ESPN Fighting Back Against Cord-Cutters With Streaming

After having lost millions of viewers over the past few years due to the practice of cord-cutting, ESPN and its parent company, Disney, are planning on offering consumers the chance to watch its programming online through streaming.

However, there’s one caveat to this information that potential viewers should make sure to remember. Instead of receiving all of the available programming on ESPN’s networks, the events that will be available are all from so-called niche sports. In other words, the programming for Major League Baseball, the National Football League and National Basketball Association won’t be included. In addition, only selected college sports will be available.

This particular practice is known as offering “skinny bundles,” in contrast to cable companies packaging all of the network’s channels together. There’s no information as to when ESPN will begin this and there are currently no plans to include any of the networks in the near future.

Last year, ESPN made the Cricket World Cup available by streaming, with no cable contract needed to access the contests. To watch all 49 of the matches, viewers were required to pay $99.99. There’s no indication of how successful the concept was, thought it was seen as something of a test run for this current plan.

The idea of cord-cutting was based on the fact that ESPN charges more money per subscriber to cable companies than any other network, an estimated $6.61 per month. As a result, the network has lost more than seven million viewers since September 2013.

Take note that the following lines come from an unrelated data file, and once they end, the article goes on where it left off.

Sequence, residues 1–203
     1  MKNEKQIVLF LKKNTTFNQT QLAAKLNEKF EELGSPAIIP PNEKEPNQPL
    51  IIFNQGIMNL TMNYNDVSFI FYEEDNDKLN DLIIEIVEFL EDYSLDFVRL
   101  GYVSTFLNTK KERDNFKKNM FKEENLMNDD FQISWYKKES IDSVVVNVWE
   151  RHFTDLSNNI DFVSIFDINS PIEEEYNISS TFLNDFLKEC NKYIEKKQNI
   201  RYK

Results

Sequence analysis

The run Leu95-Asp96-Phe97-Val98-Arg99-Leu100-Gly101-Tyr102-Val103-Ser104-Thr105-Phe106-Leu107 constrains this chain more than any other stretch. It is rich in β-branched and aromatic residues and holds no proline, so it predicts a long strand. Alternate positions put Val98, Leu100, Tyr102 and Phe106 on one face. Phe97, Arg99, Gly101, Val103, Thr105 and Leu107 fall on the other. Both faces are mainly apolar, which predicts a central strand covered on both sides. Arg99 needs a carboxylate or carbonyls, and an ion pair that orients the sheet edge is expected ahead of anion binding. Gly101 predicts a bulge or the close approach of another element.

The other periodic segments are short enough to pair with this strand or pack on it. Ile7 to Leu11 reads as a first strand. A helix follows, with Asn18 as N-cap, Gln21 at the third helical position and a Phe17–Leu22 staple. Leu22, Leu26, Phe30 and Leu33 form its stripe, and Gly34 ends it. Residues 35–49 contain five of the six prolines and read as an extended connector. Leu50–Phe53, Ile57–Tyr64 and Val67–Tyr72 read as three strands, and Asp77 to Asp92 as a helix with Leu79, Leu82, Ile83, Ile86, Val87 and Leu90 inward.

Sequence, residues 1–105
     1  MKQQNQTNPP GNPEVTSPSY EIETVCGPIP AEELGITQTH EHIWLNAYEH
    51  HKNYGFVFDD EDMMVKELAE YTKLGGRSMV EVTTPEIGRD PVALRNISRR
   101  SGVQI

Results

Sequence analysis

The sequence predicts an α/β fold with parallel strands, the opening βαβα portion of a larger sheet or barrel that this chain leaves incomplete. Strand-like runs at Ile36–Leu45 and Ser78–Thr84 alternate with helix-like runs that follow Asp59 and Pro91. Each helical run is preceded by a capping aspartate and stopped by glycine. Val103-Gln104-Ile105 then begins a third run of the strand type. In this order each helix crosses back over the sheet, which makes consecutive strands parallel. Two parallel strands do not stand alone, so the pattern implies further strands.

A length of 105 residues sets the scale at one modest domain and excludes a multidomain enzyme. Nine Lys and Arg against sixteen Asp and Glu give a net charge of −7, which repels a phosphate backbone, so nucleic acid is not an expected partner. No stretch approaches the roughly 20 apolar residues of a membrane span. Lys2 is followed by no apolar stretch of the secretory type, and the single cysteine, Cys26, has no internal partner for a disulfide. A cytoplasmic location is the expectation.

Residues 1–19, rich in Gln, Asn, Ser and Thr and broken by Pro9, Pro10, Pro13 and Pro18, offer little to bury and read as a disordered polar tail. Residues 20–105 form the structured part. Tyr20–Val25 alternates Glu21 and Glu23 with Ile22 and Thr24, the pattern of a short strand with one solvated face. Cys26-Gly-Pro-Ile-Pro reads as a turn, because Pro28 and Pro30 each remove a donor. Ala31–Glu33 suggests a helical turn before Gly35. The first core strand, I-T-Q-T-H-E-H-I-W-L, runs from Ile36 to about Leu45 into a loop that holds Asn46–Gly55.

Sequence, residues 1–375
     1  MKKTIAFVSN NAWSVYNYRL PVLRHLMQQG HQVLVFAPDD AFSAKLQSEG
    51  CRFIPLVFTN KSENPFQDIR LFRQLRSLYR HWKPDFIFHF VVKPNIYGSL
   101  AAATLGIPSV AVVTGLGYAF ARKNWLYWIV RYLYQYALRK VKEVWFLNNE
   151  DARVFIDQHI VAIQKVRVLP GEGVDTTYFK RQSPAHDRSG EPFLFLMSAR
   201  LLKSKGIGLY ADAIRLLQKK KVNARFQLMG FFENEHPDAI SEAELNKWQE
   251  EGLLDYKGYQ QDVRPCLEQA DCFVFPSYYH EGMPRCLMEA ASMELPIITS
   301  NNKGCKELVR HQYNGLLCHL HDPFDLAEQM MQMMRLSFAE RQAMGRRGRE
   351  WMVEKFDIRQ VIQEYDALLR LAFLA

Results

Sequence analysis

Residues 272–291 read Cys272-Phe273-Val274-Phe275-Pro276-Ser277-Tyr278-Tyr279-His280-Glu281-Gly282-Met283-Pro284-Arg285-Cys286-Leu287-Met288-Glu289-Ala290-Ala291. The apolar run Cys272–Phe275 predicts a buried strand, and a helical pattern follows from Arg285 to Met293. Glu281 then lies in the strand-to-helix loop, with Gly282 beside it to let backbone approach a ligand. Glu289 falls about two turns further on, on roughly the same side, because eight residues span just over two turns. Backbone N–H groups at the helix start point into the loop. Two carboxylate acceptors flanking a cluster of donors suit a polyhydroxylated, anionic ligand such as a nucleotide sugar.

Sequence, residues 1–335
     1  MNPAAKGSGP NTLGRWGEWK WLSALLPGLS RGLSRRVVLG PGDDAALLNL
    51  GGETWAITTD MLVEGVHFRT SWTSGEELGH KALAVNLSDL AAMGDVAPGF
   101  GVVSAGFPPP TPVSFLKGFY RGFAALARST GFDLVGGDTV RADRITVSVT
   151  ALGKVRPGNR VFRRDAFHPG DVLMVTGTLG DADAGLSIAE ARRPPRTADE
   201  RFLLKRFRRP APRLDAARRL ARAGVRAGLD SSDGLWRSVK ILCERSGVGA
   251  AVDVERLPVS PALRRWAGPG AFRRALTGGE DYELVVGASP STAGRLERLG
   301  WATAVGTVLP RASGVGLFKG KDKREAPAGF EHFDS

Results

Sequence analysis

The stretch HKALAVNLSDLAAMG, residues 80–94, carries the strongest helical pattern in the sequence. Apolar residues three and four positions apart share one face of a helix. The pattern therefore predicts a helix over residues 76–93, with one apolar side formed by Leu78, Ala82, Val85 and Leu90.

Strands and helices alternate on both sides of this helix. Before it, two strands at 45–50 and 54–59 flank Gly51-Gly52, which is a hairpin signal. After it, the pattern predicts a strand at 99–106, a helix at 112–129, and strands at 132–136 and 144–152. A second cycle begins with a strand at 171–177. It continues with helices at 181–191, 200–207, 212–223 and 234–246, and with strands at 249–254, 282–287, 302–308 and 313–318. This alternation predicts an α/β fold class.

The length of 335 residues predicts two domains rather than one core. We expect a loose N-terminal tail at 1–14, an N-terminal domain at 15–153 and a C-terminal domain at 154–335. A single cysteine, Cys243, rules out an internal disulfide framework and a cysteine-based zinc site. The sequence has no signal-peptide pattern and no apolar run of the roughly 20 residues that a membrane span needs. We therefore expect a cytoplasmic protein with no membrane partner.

Garth Brooks Is Going Online

On Thursday, Business Insider released an interview with Garth Brooks, the megastar musician, who talked about online streaming and releasing his own radio show on Sirius.

This is fantastic, because Garth Brooks is one of the few artists who probably warrants having his own radio station. He has released some of the most iconic albums in music, from “Garth Brooks” to “No Fences,” “Ropin’ the Wind,” and “Double Live,” which all sold at least 10 million and as many as 21 million copies. That alone warrants him deserving his own radio station, but throw in a pair of Grammys, more than a dozen American Music Awards, and other recognition for being commercially successful, and you’ve got one of the best radio stations in music.

Garth Brooks took a years-long hiatus from music in order to raise his children, but that nearly two decade-long absence from music did nothing to dampen and everything to enliven the brand he has created. He has starter touring, has been working on a new album, and is doing high-publicity shows at Yankee Stadium and Central Park in New York City. Garth Brooks is bigger than the average country star is today, and that’s nearly 30 years after he released his first album. If you can’t tell by now, I’m a huge fan of Garth Brooks, but there’s a good chance you are too.

Even if you’re not, it’s hard not to acknowledge that Garth Brooks is at such a great point in his career that going online and live with a radio show and more streaming options is a logical step for him.